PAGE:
The benefits of EQ include the ability to empathise with the feelings of others, understanding how to respond and having the emotional skills to deal with life’s challenges. “In a world where we are required to manage a matrix of personal and professional relationships instantly and efficiently, the need to have a well-developed sense of self, alongside good empathetic social awareness is critical,” says Chris.
Toddlers generally believe that the world revolves around them, so learning to empathise will help them see beyond their self-centred bubble. Cindy suggests teaching empathy by letting your child dress up as someone else and including animals in educating your little one.
“Volunteering at an animal sanctuary, showing kindness towards the elderly and those who are less fortunate are fantastic ways to teach kindness, gentleness, and compassion,” she says. Use these opportunities to discuss how the activities made them feel. “Kindness feels good and we want our children to be aware of how kindness affects their emotions,” she adds.
When your little one feels secure, it will be easier for her to trust her environment. This sense of security, or lack thereof, is based on the relationship she has with you and her caregivers. When you create a safe space for your child to express herself, she will feel more confident and trust will grow. Cindy explains that toddlers who learn to believe in and trust themselves overcome fears of separation and are more likely to try new experiences and engage in more challenging activities than those who don’t. Encourage your child to engage in activities that will help her overcome her fears.
Shontell agrees that trust is learned from birth and starts with your baby’s needs being met. “When your baby cries, she needs to be comforted, and when she’s hungry, she needs to be fed,” she says. Later on, children learn trust from what adults say and do.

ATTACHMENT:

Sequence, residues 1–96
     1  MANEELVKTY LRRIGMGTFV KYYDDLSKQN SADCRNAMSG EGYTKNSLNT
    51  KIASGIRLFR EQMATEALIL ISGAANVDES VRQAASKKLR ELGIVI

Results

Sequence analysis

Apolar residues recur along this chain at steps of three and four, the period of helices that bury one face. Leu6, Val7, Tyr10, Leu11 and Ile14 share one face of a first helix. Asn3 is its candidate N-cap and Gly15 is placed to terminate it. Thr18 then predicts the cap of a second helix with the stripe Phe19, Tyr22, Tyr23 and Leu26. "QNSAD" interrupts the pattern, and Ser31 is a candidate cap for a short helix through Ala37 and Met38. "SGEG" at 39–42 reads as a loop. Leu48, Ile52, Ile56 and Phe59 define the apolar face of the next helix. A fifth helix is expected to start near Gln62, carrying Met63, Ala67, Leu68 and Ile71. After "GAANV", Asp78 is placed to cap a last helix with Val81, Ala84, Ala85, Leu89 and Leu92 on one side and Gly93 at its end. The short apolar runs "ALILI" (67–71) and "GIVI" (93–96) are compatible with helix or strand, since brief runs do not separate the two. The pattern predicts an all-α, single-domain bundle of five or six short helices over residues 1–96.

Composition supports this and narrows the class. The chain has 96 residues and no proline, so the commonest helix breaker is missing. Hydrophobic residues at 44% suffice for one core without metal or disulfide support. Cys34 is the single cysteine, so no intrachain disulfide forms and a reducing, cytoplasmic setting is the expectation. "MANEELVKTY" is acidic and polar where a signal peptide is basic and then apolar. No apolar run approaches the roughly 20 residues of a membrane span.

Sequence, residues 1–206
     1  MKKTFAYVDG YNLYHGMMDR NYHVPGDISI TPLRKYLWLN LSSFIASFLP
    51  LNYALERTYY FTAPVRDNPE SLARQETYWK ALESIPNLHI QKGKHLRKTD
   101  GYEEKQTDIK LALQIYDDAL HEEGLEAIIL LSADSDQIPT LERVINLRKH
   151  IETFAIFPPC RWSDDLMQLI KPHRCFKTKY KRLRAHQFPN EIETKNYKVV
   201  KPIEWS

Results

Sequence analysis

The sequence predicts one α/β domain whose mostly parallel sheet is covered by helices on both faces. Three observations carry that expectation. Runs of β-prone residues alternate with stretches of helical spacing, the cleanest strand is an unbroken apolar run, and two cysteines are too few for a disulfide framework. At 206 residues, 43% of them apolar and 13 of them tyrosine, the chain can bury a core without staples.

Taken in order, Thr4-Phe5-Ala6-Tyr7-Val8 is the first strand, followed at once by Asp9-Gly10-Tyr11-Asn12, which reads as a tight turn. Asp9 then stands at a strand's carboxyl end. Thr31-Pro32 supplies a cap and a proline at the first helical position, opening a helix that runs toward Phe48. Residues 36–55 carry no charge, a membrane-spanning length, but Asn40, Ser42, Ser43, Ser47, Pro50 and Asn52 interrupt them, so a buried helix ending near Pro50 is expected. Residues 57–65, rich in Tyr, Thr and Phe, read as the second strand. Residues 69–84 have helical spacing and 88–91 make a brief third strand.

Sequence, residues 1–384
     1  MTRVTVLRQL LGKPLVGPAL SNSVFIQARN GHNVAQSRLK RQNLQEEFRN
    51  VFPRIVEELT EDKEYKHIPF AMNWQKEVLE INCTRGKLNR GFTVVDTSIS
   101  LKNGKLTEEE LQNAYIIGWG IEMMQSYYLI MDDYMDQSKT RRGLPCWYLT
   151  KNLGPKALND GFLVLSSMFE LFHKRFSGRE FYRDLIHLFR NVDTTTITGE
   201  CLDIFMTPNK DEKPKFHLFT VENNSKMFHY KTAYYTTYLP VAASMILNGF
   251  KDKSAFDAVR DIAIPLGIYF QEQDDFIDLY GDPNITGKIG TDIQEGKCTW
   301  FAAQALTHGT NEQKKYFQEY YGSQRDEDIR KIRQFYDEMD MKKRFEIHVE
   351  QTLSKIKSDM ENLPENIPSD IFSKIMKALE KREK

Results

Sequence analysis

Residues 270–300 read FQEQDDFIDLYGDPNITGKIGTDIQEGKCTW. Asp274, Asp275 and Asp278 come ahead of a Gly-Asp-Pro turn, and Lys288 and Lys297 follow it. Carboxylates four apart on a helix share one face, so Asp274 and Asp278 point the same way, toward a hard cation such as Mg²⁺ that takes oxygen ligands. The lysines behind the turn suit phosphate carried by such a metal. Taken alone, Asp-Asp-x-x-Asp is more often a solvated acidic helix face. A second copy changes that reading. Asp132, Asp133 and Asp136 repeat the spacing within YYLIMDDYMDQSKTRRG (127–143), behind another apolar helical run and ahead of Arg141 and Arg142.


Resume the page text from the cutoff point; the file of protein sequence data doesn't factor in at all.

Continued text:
Shontell explains that acceptance begins with you accepting all your child’s emotions, and reflecting them. She says it’s normal for a child to feel angry or frustrated, but this does not mean they can behave how they please.
“This is where they learn to understand, but also control, their emotions and body,” she adds. Cindy encourages a conscious approach to parenting, allowing space for the realm of emotions that can be experienced by your child. “Remember that all negative behavioural choices are based on fear − of not being heard, of not having purpose, of not being acknowledged, of being alone, of not being good enough,” she explains. When your child tries something new, she’ll look to you for support. As a parent, it’s normal to want to jump in when your child is experiencing discomfort, but this won’t help him learn independence. It’s OK to take a step back and let him figure it out on his own. Allowing him to experience discomfort will teach him to work through his emotions, and if you focus on his effort rather than the outcome, he will feel accepted.